When it comes to the timing of the campaign, there is again a fair degree of consensus between the châteaux and la place – and a sense that, as Marielle Cazaux, Directrice Générale at Château La Conseillante in Pomerol put it, one of the lessons of 2019 was that the negociants and the châteaux needed “to talk more to each other about the wine and the organisation of the campaign” than they had done previously.
Almost all those that I spoke to now expect a campaign of around 6 weeks starting in mid-May (any time, in fact, between early May in the estimation of one, to late May in that of another, with most settling on mid-May).
A story of quality …
What about the wines themselves? Here it is, I think, most instructive to compare and, indeed, to contrast the views from London and Bordeaux. In London, Max Lalondrelle, chief Bordeaux buyer at Berry Brothers & Rudd, was very clear about both the strengths of the vintage and the potential limits too.
“2020 will sit between the last two vintages in terms of quality, but may well be less homogeneous across the board”. As he elaborated, “vineyard management and clay soils will be important in keeping freshness”.
In Bordeaux, in part precisely because of the Covid situation, those I spoke to had tasted little beyond their own appellations and were therefore cautious in venturing bold and more general judgements.
Stéphanie de Boüard-Rivoal, however, was unequivocal in stating, “the vintage is remarkable, rich and complete, the perfect synthesis of its two illustrious predecessors, 2018 and 2019”, going on to add “there will be great wines on both the right bank and the left bank”.
Staying in St Emilion, François Mitjavile was similarly enthusiastic, “2020 is certainly an excellent vintage … but not homogeneously so; it is no better or worse, but certainly different, from 2018 and 2019”.
Across the border in Pomerol (an appellation many see as particularly blessed in 2020), Marielle Cazaux was no less ebullient. Speaking admittedly only of La Conseillante, she said: “We now have a beautiful trilogie with 2018, 2019 and now 2020. The Merlot and The Cabernet Franc are really fantastic this year. The vintage is rich but fresh at the same time. It reminds me of 2016 with a little more body”.
In Pessac-Léognan, Stephen Carrier at de Fieuzal was keen to emphasise the three defining features of the vintage in many people’s eyes: brightness, elegance and delicacy.
Hinting at perhaps one of the issues of the vintage – the excessive heat building in the vineyard from early September and the advantages of being able to harvest early – he also underscored the quality of the (early-harvested) Merlot, especially in the heat-ravaged Graves.
Finally, and in a similar vein, Jean-Michel Laporte at Château Talbot was happy to be able to talk of “another great vintage in the same line and philosophy of 2019 and clearly superior to 2018”.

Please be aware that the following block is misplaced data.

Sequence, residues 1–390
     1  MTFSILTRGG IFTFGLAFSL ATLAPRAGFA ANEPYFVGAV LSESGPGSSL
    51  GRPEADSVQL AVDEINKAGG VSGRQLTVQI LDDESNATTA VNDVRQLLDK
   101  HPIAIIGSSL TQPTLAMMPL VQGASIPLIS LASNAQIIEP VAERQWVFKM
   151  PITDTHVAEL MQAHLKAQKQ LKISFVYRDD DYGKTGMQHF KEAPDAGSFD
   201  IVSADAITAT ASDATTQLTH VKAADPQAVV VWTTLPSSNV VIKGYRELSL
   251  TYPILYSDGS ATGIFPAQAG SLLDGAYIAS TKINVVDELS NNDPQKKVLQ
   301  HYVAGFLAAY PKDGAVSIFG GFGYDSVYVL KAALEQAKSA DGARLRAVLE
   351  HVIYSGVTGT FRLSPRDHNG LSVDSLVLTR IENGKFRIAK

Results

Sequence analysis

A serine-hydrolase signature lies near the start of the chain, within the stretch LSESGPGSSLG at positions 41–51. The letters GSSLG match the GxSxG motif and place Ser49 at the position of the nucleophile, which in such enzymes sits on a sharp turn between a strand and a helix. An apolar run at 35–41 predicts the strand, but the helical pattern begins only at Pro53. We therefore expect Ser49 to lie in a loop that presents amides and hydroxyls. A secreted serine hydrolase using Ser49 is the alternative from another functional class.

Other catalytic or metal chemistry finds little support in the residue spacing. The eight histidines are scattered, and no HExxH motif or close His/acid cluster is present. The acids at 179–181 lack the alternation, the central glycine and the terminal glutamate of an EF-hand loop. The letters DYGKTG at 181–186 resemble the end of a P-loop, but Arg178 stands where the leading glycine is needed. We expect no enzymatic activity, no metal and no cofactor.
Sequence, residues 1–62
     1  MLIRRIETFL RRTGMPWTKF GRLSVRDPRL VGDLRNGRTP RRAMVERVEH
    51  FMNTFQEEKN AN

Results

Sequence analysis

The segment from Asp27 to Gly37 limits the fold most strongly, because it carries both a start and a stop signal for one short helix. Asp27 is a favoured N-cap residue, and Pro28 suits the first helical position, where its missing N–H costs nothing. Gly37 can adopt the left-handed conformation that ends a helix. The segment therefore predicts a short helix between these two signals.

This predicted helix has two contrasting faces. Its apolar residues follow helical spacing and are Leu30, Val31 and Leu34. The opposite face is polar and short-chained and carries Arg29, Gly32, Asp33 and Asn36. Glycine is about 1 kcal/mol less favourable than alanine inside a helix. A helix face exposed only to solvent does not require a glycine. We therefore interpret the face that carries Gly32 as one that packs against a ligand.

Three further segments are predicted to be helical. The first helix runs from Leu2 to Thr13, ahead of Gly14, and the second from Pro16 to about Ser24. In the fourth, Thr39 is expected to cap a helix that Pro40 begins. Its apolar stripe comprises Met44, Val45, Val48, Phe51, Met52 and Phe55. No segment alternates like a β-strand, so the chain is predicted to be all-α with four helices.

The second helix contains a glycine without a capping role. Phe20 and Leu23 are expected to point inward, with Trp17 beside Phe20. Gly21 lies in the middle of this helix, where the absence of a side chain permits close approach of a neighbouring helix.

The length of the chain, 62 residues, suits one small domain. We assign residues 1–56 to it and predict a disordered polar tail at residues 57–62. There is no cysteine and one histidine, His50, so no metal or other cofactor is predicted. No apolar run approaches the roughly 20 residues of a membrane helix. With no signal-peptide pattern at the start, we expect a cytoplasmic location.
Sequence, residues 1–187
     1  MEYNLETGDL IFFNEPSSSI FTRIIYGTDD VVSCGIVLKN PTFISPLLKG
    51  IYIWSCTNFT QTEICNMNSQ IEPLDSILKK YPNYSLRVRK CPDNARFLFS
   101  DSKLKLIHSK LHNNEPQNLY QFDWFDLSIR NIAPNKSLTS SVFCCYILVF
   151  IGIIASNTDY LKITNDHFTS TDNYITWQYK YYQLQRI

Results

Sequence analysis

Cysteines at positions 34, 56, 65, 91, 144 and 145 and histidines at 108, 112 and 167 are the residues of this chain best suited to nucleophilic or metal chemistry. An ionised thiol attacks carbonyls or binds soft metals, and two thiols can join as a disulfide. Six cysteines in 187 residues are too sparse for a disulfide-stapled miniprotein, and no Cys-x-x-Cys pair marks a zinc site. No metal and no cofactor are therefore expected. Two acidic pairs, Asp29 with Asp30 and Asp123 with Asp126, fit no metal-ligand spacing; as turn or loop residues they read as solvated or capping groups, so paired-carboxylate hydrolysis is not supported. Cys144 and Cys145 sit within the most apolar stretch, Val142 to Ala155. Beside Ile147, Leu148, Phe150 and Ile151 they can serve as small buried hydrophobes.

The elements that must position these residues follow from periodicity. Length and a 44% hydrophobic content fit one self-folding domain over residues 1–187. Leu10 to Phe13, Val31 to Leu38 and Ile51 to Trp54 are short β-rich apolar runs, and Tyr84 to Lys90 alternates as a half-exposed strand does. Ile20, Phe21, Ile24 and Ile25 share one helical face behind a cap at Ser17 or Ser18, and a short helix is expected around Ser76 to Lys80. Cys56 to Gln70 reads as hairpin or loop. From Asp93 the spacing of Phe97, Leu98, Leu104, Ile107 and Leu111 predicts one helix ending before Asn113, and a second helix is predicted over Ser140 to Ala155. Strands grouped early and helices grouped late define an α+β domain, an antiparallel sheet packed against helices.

… and price
After quality, of course, comes price. It is typically here, especially before the leading international critics have spoken (or even really started to whisper amongst themselves), that Bordeaux voices – especially those given a public platform – turn more taciturn and introspective.
But a few interesting thoughts were on offer, especially (and hardly surprisingly) from those more comfortable speaking off the record. Insofar as there is a consensus here – and it is far from absolute – it is that prices will rise, probably by around 10-20% in euros.
Given the modest appreciation of sterling since last year’s campaign (around 4% since June 2020) that would result in an anticipated average sterling-equivalent price rise of just over 10 per cent.
Among those prepared to venture a more public opinion, views diverged a little more. François Mitjavile, speaking only for his own properties, anticipated no increase in price making it clear that he was not in favour of what he called ‘yo-yo pricing’. Stéphanie de Boüard-Rivoal made a similar point, if in a rather different way.
“We expect the prices of the 2020 vintage to consolidate the positions taken in 2019 … with moderate increases on a case-by-case basis”. Jean-Michel Laporte was less certain, pointing out as many of the London merchants and brokers did too, that “volumes are down compared to 2019 … and the market for Bordeaux has been dynamic for a few months … so we might expect to see some rises, hopefully limited, so as not to break the come-back of Bordeaux on the international scene”. For others it was simply too early to say.
What is, however, abundantly clear is that demand for this vintage is likely to be extremely price sensitive and that the châteaux and, indeed, the whole of la place de Bordeaux is acutely aware of this fact.
The châteaux just about got their pricing right for 2019 (though some will point out that only a relatively small number of wines actually sold that well). We won’t have to wait long to see if they can and will get it right again.
A final question that I asked of the châteaux, just for fun, was what wines (other than their own) were they particularly looking forward to tasting in this vintage. Many of the responses that I received were evasive.
But from those that weren’t I was able to construct this interesting, if not exactly iconoclastic, list (in strictly alphabetical order): Beauséjour Bécot, Brane Cantenac, Canon, Carmes Haut-Brion, Clos Fourtet, Domaine de Chevalier, Figeac, Lafleur, Lagrange, Meyney, Palmer, Petrus, Pichon Baron, Pichon Comtesse de Lalande and Vieux Chateau Certan.
Needless to say, my tasting notes on each (and many, many others) will be appearing relatively soon in a series of detailed appellation-by-appellation portraits of the vintage.